Workers at two London colleges are holding three-day strikes this week in a battle over pay and conditions. UCU union members at two campuses of the New City College group in east London – which were formerly Tower Hamlets College – began their walkout on Tuesday.
Those at Lambeth College in south London started their strike on Monday. The walkouts are part of a national campaign over pay and conditions that has seen waves of strikes across a number of colleges.
Workers are demanding a 5 percent pay rise or £1,500 a year, whichever is greater. But strikers told Socialist Worker that they also want changes on workload, contracts, lesson observations and union rights.
Theseus was on the picket line in Poplar. “I’m here because of the erosion of conditions in education,” he said.
“I’ve been in education since the early 1980s. I’ve seen it go from a fairly decent job to something that’s difficult to get people into. There are so many additional things we’re expected to do. At some point you think, I have to stand up and fight.”
Striker Suzanne, not her real name, agreed. “I’m out because of workload,” she said. “In my department we haven’t had a permanent manager all year – I assume because of the poor pay and high workload.
“We have lots of interims, which is very expensive. And we also have to cover the work.”
Suzanne painted a picture of a college in crisis. “We have less staff due to cuts and now they aren’t recruiting,” she said. “People are leaving and lots are off with stress. Students aren’t getting the support they need.
“They’re pushing disciplinaries. And we see more and more management posts being created.”
This is one reason why strikers rejected the idea that the college can’t afford to give them a pay rise. Tower Hamlets College recently merged with three other colleges to become New City College, and others are set to join the group.
Striker Steve said, “I assumed the merger would mean whole layers of managers would disappear, but there seem to be more. A lot of high-level positions are appearing.”
UCU branch secretary at the college, Richard, agreed. “We now have 18 group curriculum directors on between £60,000 and £70,000,” he said. “Management say they have no money because of lack of government funding.
“But there is money and management have more power than they say they have.”
Workers can squeeze more pay – and better conditions – out of the bosses. A recent deal at Capital City College Group gave workers a 5 percent rise and improvements to contracts.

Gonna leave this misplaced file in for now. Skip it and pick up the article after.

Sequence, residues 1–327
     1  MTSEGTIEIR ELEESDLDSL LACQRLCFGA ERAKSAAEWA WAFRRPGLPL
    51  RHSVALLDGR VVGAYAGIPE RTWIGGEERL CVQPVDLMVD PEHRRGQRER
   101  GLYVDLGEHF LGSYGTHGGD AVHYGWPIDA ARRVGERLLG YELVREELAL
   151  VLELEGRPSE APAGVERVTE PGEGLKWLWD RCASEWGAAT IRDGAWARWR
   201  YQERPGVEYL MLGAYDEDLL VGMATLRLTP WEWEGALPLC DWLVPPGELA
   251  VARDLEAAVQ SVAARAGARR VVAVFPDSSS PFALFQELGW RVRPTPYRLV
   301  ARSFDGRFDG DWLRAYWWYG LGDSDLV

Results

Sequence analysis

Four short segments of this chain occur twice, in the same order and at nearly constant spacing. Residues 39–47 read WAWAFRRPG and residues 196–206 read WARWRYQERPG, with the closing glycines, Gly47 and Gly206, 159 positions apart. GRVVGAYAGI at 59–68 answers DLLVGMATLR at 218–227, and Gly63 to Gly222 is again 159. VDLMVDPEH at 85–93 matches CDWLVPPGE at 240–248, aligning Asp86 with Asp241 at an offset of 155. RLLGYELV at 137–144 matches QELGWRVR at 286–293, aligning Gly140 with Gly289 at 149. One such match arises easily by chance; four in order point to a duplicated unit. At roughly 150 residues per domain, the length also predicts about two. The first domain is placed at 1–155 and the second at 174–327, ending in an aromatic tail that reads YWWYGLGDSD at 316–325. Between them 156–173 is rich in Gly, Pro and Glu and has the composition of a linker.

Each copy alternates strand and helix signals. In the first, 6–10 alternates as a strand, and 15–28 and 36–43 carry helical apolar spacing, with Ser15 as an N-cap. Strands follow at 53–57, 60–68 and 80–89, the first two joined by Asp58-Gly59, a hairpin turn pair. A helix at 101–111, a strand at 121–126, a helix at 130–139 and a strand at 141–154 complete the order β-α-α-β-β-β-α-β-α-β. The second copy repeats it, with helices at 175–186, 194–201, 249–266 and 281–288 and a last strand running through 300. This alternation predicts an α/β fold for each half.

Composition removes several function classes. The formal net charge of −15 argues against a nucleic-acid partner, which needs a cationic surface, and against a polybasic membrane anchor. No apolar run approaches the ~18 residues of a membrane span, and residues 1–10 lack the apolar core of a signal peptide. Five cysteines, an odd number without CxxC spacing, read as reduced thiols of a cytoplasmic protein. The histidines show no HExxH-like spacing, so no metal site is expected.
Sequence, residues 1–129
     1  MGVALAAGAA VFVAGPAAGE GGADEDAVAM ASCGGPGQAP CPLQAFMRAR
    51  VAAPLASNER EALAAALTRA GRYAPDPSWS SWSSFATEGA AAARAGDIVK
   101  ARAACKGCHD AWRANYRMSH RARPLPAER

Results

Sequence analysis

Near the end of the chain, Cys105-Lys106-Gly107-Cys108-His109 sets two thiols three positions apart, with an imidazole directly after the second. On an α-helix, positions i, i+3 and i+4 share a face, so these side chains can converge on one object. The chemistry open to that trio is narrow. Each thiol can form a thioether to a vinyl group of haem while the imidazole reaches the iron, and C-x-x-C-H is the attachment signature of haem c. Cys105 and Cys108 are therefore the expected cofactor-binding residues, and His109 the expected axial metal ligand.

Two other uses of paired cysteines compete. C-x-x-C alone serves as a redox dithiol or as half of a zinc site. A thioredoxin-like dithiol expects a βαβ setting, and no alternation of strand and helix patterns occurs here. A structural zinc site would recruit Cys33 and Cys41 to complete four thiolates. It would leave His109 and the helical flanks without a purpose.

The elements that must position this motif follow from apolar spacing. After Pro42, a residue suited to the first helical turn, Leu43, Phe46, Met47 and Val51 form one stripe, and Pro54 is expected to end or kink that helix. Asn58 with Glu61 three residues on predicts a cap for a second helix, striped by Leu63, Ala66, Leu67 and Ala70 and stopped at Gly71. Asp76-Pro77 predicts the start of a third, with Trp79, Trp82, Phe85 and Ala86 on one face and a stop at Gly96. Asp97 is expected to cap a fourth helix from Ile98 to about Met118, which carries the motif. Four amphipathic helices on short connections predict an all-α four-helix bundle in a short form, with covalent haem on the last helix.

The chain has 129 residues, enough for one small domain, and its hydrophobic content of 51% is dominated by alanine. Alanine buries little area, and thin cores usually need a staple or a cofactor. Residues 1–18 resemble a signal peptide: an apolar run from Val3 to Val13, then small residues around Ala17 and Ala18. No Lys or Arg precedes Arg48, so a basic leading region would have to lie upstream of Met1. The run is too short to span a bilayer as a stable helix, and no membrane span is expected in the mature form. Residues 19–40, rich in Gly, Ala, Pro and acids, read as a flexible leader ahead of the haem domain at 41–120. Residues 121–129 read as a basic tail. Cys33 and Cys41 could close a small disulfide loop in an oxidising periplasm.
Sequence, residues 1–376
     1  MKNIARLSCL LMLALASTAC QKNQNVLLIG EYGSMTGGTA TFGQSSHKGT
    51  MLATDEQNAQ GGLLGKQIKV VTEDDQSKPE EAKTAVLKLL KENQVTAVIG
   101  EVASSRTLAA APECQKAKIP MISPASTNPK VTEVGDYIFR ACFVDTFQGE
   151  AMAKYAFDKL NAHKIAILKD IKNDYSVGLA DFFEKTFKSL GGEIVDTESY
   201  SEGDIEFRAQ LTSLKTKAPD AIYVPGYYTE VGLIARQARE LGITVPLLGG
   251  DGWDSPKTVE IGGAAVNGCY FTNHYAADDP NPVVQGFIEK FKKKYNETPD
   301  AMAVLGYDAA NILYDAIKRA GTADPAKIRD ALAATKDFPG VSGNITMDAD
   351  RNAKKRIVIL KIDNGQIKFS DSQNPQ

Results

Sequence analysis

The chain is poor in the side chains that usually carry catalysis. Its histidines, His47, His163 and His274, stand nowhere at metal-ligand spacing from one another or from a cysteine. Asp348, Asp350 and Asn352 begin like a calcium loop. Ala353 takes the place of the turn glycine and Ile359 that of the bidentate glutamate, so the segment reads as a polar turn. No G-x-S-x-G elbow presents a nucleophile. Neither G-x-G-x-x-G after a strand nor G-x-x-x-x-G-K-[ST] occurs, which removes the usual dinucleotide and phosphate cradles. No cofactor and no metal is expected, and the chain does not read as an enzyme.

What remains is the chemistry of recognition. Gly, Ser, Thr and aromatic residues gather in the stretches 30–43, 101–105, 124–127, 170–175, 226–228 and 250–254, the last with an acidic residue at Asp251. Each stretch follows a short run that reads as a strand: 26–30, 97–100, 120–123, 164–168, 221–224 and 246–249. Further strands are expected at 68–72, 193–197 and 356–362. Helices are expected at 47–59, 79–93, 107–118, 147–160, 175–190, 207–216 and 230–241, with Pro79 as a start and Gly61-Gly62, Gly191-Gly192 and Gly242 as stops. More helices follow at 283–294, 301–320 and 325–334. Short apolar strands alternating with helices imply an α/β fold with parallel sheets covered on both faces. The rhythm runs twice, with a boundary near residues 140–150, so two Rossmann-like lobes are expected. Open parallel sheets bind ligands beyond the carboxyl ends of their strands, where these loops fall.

Steve said, “As soon as you see it happen somewhere, you realise it is possible.”
UCU members in east London suspended a planned previous strike after noises that bosses were ready to make concessions. Yet they failed to propose any real changes.
Steve said, “People are quite angry now. We suspended to give them a bit more time. They used that time to do absolutely nothing.
“Now the mood is more resolute and people overwhelmingly wanted to go for the three days.”
It’s a similar story at Lambeth College. There, workers thought they had a new offer late last week. Bosses asked them to suspend this week’s strikes on that basis. But workers met on the picket line on Monday and voted unanimously to continue the strike.
Striker Jim told Socialist Worker, “The offer was a 3 percent pay rise for us, 0 percent for managers and improvements on contracts for new starters.
“But there was nothing definite – it was all up in the air. And then the principal told us that they might take back an extra five days holiday they had previously promised.”
UCU branch secretary Mandy added, “We notified management of the strike on 12 April. But they didn’t respond until the 23rd – and said they didn’t read the email before because they were on leave.”
Striker Nadia said, “They’re just playing games.” Steve agreed. “I don’t see why they couldn’t have had a meeting with us last week,” he said. “I think they’ve left it so late to try and get us on the back foot.”
Magdalena said bosses had sent “a message that we can’t trust them”. And Frank added, “I get the feeling they change what they say every day. They give you false hope. And you don’t want false hope – you want something real.”
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